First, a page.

Sunday, July 5, 2009

Heading Towards Charedi

Shuk shopping has got to be one of my favorite Israeli pastimes.

After all, where else do you get to see fruit that looks like its right off the branch, fish literally swimming in a tank right before Shabbos, and the genial, sometimes direct, vendors hawking their wares all in one place?!

Just walking through the Machane Yehuda shuk has got to be an experience in itself, one not for the faint of heart.

You see the elderly Yerushalmi bubbies dragging their agala (cart) along the aisles, along with tourists snapping pictures left and right. You see the Yeshiva bachurim heading straight for the piles of fresh rugelach and bread, along with the ever present smell of sachlav. There are the regulars, the first-timers, and the vendors, constantly shouting and in perpetual motion.

There is fresh squeezed juice, chicken and fish, and of course more garninim (seed) shells than I would ever eat in a lifetime.

Recently when visiting the shuk, I noticed several stores that had, well, let me call it, the more frum hechshers. Shearis, Badatz Eidah HaCharadit, Chasam Sofer Petach Tikva and Bnai Brak, and even a Rav Landau store. All were swamped by people buying their products, while the other stores were slightly less busy than usual.

There were even some stores that had a Rabbanut, or Rabbanut Yerushalyim Mehadrin, that were also packed, and when I ventured closer, I noticed that they carried bug-free products with Rav Efrati's hechsher, also well known. Belz Machzike HaDaas and Rav Machpoud were also available, but all together, this was more Charedi hechsherim than I had seen in the shuk for a long time.

Conversely, my favorite halava guy had switched his hechsher from having a Badatz Eidah HaCharedit to having no Teuda at all, since he was now selling products from Bais Yosef, Chasam Sofer, along with his traditional Badatz halava.

So, what happened? How did everything suddenly shift, to the point where even the frummest would be able to shop in the shuk? After all, who would pass up a 4 for 10 shekel sale on fresh bug-free vegetables!

It's interesting, that even the shuk is heading towards a more religious perspective, although they may just be capitalizing on the market by getting the better hechsher. Also, some stores always carried mehadrin products, just now they are actually making the effort and getting the teuda to prove it.

I know that I love shopping in the shuk (where the fish get bopped on the head right in front of me) and now that I can buy even more products there, I'll like it even more.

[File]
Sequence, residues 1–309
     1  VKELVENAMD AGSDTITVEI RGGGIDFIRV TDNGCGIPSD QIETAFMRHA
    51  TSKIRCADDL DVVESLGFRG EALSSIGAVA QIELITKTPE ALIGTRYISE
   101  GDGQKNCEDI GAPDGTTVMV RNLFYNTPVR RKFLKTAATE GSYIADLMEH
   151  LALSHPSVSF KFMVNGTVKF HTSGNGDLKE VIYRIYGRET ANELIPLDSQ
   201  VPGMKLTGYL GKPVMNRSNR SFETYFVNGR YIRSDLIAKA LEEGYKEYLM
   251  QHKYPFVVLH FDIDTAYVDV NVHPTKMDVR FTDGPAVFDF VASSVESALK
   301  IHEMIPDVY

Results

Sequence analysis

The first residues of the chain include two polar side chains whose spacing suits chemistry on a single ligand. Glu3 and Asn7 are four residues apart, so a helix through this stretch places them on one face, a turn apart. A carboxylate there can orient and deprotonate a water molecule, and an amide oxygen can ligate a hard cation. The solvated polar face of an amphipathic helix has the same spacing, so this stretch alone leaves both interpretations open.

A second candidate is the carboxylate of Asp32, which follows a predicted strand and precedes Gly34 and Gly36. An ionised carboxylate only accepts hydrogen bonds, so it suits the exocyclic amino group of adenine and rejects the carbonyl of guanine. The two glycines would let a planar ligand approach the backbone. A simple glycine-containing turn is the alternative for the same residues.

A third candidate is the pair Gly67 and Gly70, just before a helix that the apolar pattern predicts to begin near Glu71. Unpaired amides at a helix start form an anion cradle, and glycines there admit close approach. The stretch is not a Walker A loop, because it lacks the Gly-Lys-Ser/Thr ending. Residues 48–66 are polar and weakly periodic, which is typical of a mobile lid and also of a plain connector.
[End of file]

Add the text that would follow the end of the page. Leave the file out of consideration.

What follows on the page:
corner point said...

Gosh, the shuk has gotta be one of the most fun places in all of Yerushalayim. I used to go just to people watch and to check out all the cool things that were being sold.

Question: what's sachlav?

Dude with hat (aka BTS) said...

Why would you bop a fish in the shuk when you can bring it home and let it swim in your bath?? Isn't that cool?
I remember back in a day when I lived in Russia I would always do that if there would be any alive fish - such a fun for a kid...

harry-er than them all said...

I do agree, after the kotel and yemin moshe, the shuk is my favorite part of yerushalayim. I could just stand there for hours, looking at people bustle around. I enjoy people watching.

is that a good thing that everything is under charedi hechsherim? if one day there will only be charedi places, is it a big leap to have separate hours, lines, and aisles, or am i just paranoid?

nmf #7 said...

CP- Totally. It's just a fun place to go, even to watch.
Sachlav is a drink made from a flower. Absolutely delicious!

BTS- Mr. NMF suggested that also.

But I said that any fish that I would bring home automatically gets the name Fishel, and I can't eat anything I've named. Too much attachment. But he insists it tastes better fresh.

Sounds like tons of fun!

Harry-er- Well, it's good for me, because I can eat more stuff. (I tend to eat more of the charedi hechshers.)

But they don't seem to be heading towards seperate hours, lines, and aisles anytime soon- after all, this is the shuk. It's a big leap from one to the other.

I personally think they are trying to make more money, and so, have decided to bend towards selling more to more groups of people.

After all, those who don't care will eat Badatz also, and those who do, will eat as well.

Alot of those seperate stuff doesn't make much sense anyway. For example: There was a sale that only men could show up to, yet it took place from 4-6. That would be second seder time.